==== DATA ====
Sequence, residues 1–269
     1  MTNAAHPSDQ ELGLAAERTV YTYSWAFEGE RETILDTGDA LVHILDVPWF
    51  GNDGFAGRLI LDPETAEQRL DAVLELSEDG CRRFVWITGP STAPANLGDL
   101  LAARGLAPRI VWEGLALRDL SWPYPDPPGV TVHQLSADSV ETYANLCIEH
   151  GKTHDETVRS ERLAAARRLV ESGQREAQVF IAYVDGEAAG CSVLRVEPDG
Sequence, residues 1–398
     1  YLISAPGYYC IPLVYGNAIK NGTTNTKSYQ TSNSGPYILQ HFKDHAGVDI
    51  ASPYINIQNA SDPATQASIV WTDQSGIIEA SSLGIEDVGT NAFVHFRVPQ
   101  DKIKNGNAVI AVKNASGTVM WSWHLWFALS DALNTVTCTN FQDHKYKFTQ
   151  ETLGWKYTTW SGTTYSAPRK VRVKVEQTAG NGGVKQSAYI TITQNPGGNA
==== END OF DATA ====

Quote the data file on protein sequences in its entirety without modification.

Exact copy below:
Sequence, residues 1–269
     1  MTNAAHPSDQ ELGLAAERTV YTYSWAFEGE RETILDTGDA LVHILDVPWF
    51  GNDGFAGRLI LDPETAEQRL DAVLELSEDG CRRFVWITGP STAPANLGDL
   101  LAARGLAPRI VWEGLALRDL SWPYPDPPGV TVHQLSADSV ETYANLCIEH
   151  GKTHDETVRS ERLAAARRLV ESGQREAQVF IAYVDGEAAG CSVLRVEPDG
Sequence, residues 1–398
     1  YLISAPGYYC IPLVYGNAIK NGTTNTKSYQ TSNSGPYILQ HFKDHAGVDI
    51  ASPYINIQNA SDPATQASIV WTDQSGIIEA SSLGIEDVGT NAFVHFRVPQ
   101  DKIKNGNAVI AVKNASGTVM WSWHLWFALS DALNTVTCTN FQDHKYKFTQ
   151  ETLGWKYTTW SGTTYSAPRK VRVKVEQTAG NGGVKQSAYI TITQNPGGNA